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NEW YORK (Reuters) - Women's clothing retailer Talbots Inc TLB.N posted a much better-than-expected quarterly profit and forecast higher sales as its turnaround efforts take hold, sending its shares up nearly 5 percent.
Talbots had struggled with a string of losses, a heavy debt burden, declining sales and a stodgy image.
In the past year, the company has cut costs, changed management and revamped its styles to appeal to women in their 30s and 40s while still holding onto its core customers, who tend to be in their 50s or 60s.
"Before Trudy came, this company was in a time warp," said independent retail analyst Jennifer Black, referring to Chief Executive Officer Trudy Sullivan, who took the helm in 2007. "Had they not changed and become relevant, this company wouldn't still be around."
Black said a catalog of Talbots' upcoming looks for fall and winter were evidence of "the most dramatic change I think I've ever seen."
Last week, Talbots completed a financing deal that cut its ties with Aeon Co Ltd (8267.T), its controlling shareholder and Japan's second-largest retailer. The move boosted the company's liquidity and will let it proceed with the capital-intensive phase of its overhaul, including renovating stores.
Talbots reported net income of $4.1 million, or 7 cents per share, for its fourth quarter ended January 30, compared with a loss of $361.5 million, or $6.75 per share, a year earlier.
Excluding items, Talbots earned 13 cents per share. On that basis, analysts, on average, had been expecting a profit of 2 cents per share, according to Thomson Reuters I/B/E/S.
Talbots forecast sales to rise 4 percent to 5 percent in its current fiscal first quarter, and 3 percent to 5 percent for the full year.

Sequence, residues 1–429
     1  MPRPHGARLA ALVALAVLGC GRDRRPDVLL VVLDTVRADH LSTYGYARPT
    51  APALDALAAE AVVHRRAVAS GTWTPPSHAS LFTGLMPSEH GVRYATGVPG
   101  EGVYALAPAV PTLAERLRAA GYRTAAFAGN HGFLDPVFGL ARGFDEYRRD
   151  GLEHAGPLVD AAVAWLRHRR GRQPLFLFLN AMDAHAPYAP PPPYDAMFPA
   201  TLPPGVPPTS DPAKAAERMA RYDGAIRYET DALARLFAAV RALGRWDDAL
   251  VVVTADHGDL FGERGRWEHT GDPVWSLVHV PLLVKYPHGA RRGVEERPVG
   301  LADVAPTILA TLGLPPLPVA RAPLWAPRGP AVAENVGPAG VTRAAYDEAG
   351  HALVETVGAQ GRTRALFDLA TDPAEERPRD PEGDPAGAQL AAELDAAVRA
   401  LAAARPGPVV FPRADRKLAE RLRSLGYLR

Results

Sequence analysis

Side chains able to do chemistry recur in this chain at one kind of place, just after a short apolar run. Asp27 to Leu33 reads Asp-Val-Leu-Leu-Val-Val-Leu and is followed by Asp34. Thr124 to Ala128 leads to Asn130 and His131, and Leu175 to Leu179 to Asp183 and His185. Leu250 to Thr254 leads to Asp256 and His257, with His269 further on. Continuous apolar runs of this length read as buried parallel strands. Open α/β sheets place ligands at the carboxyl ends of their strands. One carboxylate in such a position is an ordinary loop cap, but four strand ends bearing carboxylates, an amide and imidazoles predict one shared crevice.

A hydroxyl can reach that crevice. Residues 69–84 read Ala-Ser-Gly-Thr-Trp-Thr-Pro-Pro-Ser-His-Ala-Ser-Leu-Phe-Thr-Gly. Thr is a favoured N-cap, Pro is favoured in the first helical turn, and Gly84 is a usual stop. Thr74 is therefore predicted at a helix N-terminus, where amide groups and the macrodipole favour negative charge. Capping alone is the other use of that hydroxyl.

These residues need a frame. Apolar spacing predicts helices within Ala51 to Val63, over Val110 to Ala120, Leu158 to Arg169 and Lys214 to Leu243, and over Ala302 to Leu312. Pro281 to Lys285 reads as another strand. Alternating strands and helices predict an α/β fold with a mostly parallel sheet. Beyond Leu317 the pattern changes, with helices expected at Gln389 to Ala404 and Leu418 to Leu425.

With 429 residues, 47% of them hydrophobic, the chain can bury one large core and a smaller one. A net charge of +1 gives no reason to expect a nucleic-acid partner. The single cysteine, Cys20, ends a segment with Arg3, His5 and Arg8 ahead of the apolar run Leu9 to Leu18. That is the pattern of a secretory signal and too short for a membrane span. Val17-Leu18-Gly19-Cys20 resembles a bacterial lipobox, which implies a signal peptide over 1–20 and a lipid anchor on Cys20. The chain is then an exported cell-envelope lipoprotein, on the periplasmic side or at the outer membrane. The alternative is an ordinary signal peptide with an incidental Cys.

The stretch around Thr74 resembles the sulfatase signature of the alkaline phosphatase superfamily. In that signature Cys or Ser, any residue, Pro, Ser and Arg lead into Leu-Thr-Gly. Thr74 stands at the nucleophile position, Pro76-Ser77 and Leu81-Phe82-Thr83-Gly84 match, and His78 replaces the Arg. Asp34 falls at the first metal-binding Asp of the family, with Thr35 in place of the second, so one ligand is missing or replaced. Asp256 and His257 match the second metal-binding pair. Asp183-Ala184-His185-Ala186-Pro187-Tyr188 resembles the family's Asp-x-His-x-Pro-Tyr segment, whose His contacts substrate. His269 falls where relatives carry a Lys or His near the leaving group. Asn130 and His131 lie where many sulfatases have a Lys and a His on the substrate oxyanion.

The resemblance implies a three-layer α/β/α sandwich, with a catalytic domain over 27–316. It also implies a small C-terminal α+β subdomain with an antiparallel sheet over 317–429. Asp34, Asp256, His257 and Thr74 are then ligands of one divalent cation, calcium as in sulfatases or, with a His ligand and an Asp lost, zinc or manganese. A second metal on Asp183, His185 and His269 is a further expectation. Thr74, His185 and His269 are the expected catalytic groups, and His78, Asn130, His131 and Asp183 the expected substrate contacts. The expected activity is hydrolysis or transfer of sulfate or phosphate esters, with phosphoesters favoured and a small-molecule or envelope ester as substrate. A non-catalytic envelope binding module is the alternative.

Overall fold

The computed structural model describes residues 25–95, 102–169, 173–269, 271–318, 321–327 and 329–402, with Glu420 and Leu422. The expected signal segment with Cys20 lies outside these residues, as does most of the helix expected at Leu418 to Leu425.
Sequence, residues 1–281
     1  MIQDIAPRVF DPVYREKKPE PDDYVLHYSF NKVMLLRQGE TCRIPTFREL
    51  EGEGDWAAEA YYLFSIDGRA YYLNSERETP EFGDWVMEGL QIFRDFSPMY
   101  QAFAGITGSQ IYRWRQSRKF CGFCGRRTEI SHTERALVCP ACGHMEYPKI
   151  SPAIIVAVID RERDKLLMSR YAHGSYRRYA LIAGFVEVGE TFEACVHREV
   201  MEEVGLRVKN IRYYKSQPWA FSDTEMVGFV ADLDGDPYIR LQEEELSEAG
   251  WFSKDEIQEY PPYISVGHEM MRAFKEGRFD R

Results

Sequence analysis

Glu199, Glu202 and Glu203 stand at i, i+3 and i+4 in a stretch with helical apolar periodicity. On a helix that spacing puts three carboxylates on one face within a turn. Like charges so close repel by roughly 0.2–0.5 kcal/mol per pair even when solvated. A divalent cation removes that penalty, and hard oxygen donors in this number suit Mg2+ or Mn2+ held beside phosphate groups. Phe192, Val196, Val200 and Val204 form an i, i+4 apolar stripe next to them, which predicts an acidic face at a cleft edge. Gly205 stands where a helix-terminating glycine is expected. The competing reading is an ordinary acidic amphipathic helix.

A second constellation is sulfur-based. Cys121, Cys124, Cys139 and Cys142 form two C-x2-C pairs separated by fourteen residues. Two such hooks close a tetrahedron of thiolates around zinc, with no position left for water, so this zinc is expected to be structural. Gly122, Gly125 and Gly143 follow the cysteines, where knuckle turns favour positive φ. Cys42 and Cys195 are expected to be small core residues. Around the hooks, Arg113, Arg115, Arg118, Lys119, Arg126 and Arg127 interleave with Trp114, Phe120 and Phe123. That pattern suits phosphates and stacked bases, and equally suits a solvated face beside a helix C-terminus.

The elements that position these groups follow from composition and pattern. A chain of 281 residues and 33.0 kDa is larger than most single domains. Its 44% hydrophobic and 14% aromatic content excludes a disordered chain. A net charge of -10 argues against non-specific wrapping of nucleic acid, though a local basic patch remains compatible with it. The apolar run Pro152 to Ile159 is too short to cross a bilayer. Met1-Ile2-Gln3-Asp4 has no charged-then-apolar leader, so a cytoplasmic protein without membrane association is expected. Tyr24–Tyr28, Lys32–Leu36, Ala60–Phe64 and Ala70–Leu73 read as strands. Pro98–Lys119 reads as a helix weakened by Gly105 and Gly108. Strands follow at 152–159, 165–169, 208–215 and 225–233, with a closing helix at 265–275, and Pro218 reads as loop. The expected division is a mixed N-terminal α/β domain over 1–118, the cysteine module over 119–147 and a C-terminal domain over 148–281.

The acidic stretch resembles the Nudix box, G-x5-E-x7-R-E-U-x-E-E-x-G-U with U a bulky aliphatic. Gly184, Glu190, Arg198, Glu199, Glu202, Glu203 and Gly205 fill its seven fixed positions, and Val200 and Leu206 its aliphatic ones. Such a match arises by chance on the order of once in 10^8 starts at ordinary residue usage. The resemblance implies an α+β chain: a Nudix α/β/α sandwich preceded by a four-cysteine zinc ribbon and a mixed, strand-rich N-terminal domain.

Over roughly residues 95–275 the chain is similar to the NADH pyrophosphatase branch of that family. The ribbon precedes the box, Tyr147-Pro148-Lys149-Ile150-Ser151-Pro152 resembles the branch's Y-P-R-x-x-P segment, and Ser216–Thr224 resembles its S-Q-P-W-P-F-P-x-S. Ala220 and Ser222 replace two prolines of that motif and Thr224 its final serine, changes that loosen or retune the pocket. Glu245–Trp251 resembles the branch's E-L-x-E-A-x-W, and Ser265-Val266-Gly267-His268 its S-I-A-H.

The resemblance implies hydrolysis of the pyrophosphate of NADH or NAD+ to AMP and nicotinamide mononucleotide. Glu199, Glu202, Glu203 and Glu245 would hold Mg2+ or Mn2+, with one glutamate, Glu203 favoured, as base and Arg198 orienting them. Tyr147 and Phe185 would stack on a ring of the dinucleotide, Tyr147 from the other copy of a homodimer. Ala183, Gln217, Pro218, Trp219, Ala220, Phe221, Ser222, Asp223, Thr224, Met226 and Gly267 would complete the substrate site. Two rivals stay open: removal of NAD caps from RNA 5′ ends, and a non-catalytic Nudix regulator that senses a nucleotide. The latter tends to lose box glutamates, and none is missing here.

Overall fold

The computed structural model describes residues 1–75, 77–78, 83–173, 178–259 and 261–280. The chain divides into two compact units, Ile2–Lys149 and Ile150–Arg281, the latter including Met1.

Sales at stores open at least a year, a key gauge of retail health, rose in each of the last three months, Talbots said, with the strongest gain in March, when they rose 10 percent. Executives said the company was planning for same-store sales increases in the low-single-digit range moving forward.
Talbots shares, which had earlier soared as much as 8.4 percent to their highest level since September 2008, closed up 71 cents, or 4.9 percent, at $15.10 on the New York Stock Exchange.
As of Monday, nearly 29 percent of Talbots' shares outstanding were held short, betting that the stock price would fall. That number is expected to drop as last week's deal increases the stock's total float.
Michael Scarpa, Talbots' chief operating and financial officer, said the company plans $40 million in capital expenditures this year, primarily to refresh and renovate stores and update its technology infrastructure.
Talbots expects to open at least five or six outlet stores in the back half of this year, CEO Sullivan said on a conference call with analysts.
She said in an interview that Talbots does not expect to add any more full-priced stores.
Sales at stores open at least a year fell 7.2 percent in the fourth quarter, which Talbots attributed to having much less markdown merchandise compared with a year earlier, when it had to offer steep discounts to move its clothes.
Markdown selling declined 21 percent, while sales of full-price merchandise rose 10 percent. Total sales fell 3.7 percent to $315.9 million, but topped analysts' expectations.
"Talbots' turn is well under way. Yet the impact of rebranding is just beginning to impact sales and benefits from sourcing have yet to occur," said UBS analyst Roxanne Meyer, referring to a deal Talbots signed last year with Hong Kong-based Li & Fung Ltd (0494.HK).
Sullivan said strong sales of sweaters and accessories like scarves, wraps and jewelry had helped overall performance at its 580 stores.
She said Talbots made "a tremendous effort" reaching out to younger shoppers, while trying not to alienate its more mature customers. So far, she said all but the most conservative were reacting favorably to the new merchandise.
She cited a letter she received from an 83-year-old woman saying, "You're finally getting your groove back."
Additional reporting by Leah Schnurr; Editing by Gerald E. McCormick and Maureen Bavdek